Kilgour Prize winner shines a light on the female black voice

Artist Blak Douglas painted friend Ursula Yovich. Photo by Sally Tsoutas.

Sydney-based artist Blak Douglas has won one of Australia’s most lucrative art prizes, the 2019 Kilgour Prize.

Mr Douglas was announced the winner at the Newcastle Art Gallery exhibition launch last Friday and took home $50,000 in prize money.

Queen of her own stage, a portrait of proud Larrakia woman, actress and singer Ursula Yovich, was chosen by a panel of three judges, beating hundreds of entries and 30 finalists.

Blak Douglas’s winning painting Queen of her own stage. Photo supplied.

A self-taught painter trained in photography and illusion, Mr Douglas was born in Blacktown, Western Sydney. His social justice-inspired style was influenced by graphic design study.

“My dear friend Ursula Yovich, actress and songstress dynamo, has always been on my list of subjects to paint,” Mr Douglas said.

“This painting is all about her and is a metaphor for the female black voice. I asked Ursula to stand upon a chair for the pose because I saw it as a metaphor for Aboriginal voices to be heard.”

The Kilgour Prize is an annual award for figurative and portrait paintings, and consists of $50,000 for the winning artist and $5,000 for the winner of the People’s Choice Award.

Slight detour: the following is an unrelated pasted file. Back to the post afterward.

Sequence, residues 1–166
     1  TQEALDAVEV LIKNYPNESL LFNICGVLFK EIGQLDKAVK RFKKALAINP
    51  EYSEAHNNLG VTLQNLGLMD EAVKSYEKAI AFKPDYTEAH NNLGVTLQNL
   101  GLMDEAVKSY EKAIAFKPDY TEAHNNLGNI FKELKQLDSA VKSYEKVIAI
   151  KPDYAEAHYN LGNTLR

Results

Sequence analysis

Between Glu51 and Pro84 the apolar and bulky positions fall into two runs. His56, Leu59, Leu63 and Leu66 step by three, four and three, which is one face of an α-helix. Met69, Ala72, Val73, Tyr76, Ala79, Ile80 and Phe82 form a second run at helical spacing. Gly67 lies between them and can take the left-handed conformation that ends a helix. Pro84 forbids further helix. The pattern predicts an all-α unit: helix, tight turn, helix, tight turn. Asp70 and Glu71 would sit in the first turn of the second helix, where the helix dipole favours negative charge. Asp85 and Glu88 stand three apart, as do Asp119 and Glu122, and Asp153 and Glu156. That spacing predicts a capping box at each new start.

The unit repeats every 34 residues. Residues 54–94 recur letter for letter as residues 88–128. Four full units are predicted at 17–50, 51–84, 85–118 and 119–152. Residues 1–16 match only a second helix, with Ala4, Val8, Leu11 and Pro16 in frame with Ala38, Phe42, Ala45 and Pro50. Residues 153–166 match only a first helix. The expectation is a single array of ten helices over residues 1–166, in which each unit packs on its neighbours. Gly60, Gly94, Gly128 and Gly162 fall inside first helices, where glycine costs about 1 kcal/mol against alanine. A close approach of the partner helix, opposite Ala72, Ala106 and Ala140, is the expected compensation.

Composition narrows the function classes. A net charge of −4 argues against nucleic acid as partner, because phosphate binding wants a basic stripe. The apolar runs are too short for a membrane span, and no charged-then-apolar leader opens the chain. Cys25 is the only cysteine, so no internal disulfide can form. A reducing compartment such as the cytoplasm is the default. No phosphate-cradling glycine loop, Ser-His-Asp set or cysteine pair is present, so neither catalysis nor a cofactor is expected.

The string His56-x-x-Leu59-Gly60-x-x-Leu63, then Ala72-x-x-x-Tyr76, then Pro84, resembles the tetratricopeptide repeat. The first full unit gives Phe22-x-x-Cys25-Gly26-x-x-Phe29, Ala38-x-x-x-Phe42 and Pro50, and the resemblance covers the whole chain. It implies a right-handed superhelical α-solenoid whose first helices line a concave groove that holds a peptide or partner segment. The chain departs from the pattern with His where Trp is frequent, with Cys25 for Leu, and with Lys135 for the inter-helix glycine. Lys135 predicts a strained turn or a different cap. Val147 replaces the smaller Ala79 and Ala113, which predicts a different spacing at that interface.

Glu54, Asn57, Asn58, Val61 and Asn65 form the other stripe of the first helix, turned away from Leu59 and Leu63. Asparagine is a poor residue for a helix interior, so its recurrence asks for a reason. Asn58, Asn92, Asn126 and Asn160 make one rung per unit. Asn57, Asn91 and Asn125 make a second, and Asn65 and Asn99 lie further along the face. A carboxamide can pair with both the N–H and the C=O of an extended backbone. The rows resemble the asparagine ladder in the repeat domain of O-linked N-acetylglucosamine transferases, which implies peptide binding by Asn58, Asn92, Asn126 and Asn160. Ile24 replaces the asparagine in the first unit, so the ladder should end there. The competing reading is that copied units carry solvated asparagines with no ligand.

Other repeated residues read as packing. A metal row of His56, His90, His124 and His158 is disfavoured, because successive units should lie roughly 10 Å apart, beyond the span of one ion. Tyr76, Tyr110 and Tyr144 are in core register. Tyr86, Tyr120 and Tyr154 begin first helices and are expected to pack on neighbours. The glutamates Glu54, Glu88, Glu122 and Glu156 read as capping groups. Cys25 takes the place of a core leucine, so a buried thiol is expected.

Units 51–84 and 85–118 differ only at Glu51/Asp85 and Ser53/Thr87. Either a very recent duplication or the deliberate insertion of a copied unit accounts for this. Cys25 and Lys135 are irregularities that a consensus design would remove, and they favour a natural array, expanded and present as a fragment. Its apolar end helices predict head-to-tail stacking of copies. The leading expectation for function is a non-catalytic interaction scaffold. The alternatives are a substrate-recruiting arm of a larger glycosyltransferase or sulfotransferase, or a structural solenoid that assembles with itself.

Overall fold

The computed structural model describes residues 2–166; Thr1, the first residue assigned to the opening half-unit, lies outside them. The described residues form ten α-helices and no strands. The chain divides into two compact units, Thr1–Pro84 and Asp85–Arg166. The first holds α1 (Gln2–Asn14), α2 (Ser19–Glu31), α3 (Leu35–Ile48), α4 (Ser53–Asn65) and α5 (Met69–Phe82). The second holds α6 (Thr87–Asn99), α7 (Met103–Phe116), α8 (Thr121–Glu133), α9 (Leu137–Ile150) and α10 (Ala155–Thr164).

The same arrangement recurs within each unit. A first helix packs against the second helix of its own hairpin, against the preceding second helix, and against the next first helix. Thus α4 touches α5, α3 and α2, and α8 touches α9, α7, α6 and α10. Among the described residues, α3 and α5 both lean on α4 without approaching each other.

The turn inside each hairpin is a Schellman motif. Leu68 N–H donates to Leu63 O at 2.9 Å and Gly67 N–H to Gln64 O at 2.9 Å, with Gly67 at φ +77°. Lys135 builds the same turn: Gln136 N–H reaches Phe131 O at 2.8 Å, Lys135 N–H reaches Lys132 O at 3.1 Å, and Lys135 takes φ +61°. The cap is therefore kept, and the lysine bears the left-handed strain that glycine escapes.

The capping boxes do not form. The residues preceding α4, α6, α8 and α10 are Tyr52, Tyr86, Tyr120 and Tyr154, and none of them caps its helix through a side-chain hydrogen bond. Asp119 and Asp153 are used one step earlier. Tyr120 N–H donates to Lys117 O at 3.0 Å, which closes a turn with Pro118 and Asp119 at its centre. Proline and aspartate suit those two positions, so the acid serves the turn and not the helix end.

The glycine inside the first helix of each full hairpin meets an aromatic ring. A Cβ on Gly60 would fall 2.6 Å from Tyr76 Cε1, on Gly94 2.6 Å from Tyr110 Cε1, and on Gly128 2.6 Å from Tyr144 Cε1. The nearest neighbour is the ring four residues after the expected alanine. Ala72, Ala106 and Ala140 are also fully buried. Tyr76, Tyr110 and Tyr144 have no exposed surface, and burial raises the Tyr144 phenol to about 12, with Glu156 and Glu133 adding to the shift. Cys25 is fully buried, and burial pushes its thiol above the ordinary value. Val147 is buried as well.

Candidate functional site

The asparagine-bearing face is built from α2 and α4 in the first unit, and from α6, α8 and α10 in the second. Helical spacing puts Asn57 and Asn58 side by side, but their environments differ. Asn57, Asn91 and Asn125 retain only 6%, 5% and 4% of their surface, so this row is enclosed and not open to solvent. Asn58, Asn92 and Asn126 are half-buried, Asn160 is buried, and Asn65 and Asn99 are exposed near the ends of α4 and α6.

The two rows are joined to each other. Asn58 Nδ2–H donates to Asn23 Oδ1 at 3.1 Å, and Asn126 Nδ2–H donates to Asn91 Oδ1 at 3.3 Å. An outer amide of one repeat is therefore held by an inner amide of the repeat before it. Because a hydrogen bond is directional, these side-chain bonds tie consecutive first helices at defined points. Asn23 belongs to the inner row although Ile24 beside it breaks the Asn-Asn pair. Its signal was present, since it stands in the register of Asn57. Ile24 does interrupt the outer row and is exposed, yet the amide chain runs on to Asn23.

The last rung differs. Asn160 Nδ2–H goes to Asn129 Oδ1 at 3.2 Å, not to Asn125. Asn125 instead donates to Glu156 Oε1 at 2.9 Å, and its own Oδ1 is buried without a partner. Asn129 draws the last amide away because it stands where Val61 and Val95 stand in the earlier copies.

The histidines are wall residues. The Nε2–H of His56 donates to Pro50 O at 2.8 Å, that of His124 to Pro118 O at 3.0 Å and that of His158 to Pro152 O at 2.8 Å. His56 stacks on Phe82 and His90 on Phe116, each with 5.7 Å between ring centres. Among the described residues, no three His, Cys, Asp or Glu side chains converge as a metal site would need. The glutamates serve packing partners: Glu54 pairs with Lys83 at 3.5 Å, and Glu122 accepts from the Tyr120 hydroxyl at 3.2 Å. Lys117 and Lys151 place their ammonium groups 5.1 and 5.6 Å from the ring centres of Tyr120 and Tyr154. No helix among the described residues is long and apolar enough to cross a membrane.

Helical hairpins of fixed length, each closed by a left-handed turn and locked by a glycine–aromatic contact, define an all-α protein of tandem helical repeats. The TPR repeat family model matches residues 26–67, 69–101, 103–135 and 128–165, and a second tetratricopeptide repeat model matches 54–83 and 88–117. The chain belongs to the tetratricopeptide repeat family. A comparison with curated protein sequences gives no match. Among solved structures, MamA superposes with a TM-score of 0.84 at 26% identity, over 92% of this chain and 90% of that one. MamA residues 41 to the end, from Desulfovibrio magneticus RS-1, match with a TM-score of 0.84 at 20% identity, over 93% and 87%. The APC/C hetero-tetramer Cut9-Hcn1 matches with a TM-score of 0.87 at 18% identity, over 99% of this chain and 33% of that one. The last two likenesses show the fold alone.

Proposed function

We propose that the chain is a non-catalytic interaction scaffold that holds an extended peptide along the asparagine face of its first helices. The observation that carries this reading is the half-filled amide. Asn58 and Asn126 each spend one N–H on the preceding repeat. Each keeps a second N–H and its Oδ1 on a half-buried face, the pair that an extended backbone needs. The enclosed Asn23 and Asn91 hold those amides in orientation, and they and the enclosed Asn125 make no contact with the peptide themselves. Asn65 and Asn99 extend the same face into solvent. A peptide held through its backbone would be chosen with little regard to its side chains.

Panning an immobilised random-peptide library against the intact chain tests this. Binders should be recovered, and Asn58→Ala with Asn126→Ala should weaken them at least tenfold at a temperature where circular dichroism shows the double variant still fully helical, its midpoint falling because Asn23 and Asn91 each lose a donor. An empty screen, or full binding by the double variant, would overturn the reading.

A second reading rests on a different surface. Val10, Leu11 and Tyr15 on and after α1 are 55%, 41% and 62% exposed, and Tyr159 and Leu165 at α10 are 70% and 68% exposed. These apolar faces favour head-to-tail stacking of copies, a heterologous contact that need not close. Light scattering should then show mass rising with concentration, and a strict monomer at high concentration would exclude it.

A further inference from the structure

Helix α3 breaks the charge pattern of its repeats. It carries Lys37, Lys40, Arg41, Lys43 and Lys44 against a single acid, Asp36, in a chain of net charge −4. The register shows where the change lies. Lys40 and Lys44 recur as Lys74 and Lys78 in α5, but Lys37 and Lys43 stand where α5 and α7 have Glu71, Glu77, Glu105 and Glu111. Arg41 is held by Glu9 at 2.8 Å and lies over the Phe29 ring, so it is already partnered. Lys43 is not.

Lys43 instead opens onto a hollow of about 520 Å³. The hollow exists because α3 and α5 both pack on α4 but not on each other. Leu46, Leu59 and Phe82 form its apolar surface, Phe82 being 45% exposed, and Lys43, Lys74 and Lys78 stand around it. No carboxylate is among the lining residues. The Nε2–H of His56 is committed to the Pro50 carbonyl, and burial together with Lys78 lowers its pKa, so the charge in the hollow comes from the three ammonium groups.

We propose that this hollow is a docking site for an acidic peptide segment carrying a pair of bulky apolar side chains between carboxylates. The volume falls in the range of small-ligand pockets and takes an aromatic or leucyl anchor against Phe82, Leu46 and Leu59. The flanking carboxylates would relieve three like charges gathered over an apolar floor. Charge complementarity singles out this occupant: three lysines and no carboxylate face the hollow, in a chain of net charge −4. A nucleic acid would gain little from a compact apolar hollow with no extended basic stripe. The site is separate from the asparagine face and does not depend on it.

The prize money was funded through the Trust Company, part of Perpetual using donated money from Australian artist Jack Noel Kilgour.

Newcastle Lord Mayor Nuatali Nelmes who announced Mr Douglas as the winner, said the competition was in its ninth year and the Kilgour Prize continues to attract many entrants and a significant audience to the gallery.

 “The breadth and depth of artistic talent on show in this year’s Prize is truly impressive, with the diversity and quality of the entries reaching new heights each year,” Ms Nelmes said.

“I congratulate Blak Douglas on joining a prestigious list of accomplished artists to have taken out the Kilgour Prize.”

Newcastle Art Gallery Director Lauretta Morton who was one of the three judges, said the competition encourages Australian artists of portraiture and figurative painting to push the boundaries.

“This year’s 30 finalists are perhaps the strongest and most interesting entries we’ve had in the history of the Kilgour Prize,” Ms Morton said.

The 2019 Kilgour Prize exhibition showcases at Newcastle Art Gallery from August 3 to October 13.

More information on the exhibition can be found at: http://nag.org.au/Exhibitions

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